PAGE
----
Ultimately, thinking critically and thinking creatively are essential for the kind of transformative learning we aim for at SLU.  The more entrenched we become in our own ways of thinking about the world, the more we need others to nudge us out of our comfort zones and entice us to explore old ideas in new ways.

As you head into the new academic year, we encourage you to find creative ways to dislodge your students – and maybe even yourself – from the usual ways of looking at a topic.  In doing so, you will promote learning that leads to change, and you might even find a renewed sense of energy and purpose in the classroom.

The Reinert Center Welcomes New Staff

Reinert Center typeset_icon_2014_solid_082214The Reinert Center for Transformative Teaching and Learning enthusiastically announces the newest members of our staff.

Instructional Developer: James Fortney

James has been teaching undergraduate courses on communication, identity, and difference for nearly a decade. Prior to joining the Center, he was faculty in the Department of Communication Studies at Western Washington University. He also taught communication courses as a graduate instructor at University of Colorado Boulder and University of Utah. His research embraces a focus on concrete, mundane communication practices as constitutive of larger social structural systems. Through this perspective, he is committed to helping faculty and graduate students develop courses that challenge students to participate in society in more effective, inclusive, and dignifying ways. He is particularly interested in designing courses that nurture classroom dialogue on matters of equity and social justice.

Instructional Developers in the Center consult with faculty, graduate students, and teaching staff on instructional elements, course design, and learning technologies. They also research new pedagogical approaches to instruction; help facilitate intentional transitions to online teaching; and work with faculty teaching in the Reinert Center’s Learning Studio.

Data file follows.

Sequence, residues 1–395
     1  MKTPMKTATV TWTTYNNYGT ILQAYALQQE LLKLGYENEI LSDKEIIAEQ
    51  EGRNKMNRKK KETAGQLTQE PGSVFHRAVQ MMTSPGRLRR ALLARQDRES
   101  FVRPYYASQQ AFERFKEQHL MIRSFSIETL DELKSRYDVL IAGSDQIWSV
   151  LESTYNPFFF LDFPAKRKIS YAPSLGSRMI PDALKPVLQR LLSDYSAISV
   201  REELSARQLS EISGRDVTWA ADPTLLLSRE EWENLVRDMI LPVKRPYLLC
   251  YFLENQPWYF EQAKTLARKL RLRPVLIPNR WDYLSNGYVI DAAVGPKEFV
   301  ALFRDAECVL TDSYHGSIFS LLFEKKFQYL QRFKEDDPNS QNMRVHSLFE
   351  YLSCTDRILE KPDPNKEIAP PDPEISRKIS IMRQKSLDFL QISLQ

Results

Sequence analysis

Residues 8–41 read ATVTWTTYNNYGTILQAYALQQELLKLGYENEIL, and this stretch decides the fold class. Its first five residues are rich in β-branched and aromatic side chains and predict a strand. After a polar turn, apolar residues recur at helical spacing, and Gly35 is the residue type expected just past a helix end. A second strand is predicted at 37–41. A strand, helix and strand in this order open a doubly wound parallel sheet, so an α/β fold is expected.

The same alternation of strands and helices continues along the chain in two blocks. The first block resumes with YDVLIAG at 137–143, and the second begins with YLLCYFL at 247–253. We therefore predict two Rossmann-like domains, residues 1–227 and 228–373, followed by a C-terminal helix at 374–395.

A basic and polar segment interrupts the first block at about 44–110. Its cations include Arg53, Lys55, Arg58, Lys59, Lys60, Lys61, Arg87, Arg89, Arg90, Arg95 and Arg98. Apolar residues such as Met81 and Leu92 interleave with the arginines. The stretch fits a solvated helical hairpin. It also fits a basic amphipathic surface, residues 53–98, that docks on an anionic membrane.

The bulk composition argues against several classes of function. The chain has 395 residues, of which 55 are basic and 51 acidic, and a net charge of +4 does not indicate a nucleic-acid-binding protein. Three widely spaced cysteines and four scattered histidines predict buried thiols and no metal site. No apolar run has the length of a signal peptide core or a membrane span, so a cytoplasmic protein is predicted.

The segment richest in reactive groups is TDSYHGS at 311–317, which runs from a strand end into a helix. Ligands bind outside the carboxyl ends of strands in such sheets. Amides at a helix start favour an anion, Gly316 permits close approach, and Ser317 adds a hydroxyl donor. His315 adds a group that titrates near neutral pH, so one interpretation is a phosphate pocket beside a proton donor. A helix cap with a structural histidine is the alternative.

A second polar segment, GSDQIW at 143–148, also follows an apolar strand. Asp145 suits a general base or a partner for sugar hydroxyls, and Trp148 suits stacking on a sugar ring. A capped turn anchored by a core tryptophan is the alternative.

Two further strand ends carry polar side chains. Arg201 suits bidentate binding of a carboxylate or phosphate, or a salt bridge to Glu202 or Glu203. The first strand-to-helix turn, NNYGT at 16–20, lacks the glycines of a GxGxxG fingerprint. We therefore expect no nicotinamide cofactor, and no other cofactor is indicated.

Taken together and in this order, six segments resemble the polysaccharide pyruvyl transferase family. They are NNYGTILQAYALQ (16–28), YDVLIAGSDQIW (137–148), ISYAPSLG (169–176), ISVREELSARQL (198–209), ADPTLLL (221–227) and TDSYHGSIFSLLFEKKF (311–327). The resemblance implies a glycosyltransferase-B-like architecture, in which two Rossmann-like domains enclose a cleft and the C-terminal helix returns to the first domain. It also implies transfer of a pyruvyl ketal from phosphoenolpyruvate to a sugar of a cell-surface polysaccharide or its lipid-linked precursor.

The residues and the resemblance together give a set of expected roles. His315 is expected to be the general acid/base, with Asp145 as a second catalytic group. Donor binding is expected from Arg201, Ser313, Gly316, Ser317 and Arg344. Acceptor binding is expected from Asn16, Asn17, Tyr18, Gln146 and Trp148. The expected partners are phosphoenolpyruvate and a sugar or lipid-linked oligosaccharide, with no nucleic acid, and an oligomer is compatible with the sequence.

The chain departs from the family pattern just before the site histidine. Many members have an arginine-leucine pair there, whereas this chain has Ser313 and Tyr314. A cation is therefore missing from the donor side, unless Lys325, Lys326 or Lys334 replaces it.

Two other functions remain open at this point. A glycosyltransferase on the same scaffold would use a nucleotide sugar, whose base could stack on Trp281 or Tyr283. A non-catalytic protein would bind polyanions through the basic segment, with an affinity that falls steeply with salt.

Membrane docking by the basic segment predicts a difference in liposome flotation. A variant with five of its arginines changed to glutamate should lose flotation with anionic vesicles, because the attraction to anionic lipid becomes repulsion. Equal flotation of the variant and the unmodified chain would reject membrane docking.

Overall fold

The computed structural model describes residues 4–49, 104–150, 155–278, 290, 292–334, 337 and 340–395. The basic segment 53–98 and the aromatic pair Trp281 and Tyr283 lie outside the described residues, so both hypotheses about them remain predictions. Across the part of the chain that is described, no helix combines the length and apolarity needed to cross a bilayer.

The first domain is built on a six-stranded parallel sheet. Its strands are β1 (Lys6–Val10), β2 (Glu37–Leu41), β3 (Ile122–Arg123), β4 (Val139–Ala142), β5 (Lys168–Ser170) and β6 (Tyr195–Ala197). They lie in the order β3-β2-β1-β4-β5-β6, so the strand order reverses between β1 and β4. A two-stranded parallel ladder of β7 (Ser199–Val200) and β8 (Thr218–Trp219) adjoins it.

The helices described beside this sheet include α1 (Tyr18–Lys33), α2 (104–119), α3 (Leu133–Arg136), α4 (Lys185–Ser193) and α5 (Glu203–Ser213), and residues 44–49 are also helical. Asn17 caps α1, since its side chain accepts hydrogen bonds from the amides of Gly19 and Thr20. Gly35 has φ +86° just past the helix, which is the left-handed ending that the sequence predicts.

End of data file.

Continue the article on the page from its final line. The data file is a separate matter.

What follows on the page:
Graduate Assistants: Mitchell Lorenz and Ludwig Weber

Mitch is a graduate student in SLU’s Experimental Psychology Doctoral Program (social concentration). He earned his MS in Experimental Psychology from Western Illinois University in 2011 where he studied dehumanization and interpersonal rejection. Mitch joined SLU in 2012 and currently studies intergroup helping, stereotyping, and prejudice. Additionally, Mitch has been involved in research considering students’ perceptions of psychology as a science. In addition to his research experiences, Mitch has taught sections of General Psychology and Methods and Statistics.

Ludwig is a doctoral student in the Department of English. In 2007, he earned a Master of Arts in English from Murray State University. He has been at SLU since 2011, where his field of inquiry is modern and contemporary American literature, as well as theoretical examinations of spatial and mythological concepts. He has previously served as assistant director of The Walter J. Ong, S.J., Center for Language, Culture, and Media Studies, as well as a writing consultant in SLU’s Writing Services program, in addition to teaching undergraduate courses in literature, composition, and professional writing in the Department of English.

Graduate Assistants in the Center assist in the administration of the Certificate in University Teaching Skills (CUTS) program, conduct research on teaching and learning topics, consult with graduate students about teaching, conduct teaching observations, and assist Center staff with the implementation and assessment of programs.

We look forward to the contributions that James, Mitch, and Ludwig bring to all those the Reinert Center serves.

Embracing Challenging Students

14734962322_45d7fff3e9_zby Mitch Lorenz, Graduate Assistant, Reinert Center

Following thoughtful class design, lecture preparation, online class portal updating, and first day of class clothing selection comes the time when we, as teachers, must step into the classroom and actually interact with students. Regardless of the degree of preparation, unexpected problems may arise as students begin to interact with you and the class materials. Some students may not agree with your approach, and they may tell you as much. In fact, some students might go so far as to question your thoughtful wardrobe choices as well!

Patterns of behavior from a few students in every class are so consistently similar that many teaching resources feature an entire section devoted to these “problem students.” Here are some of the types of students, as identified by McKeachie and Svinicki (2013), who may prove challenging and strategies to use when you have one of these types of students in a class.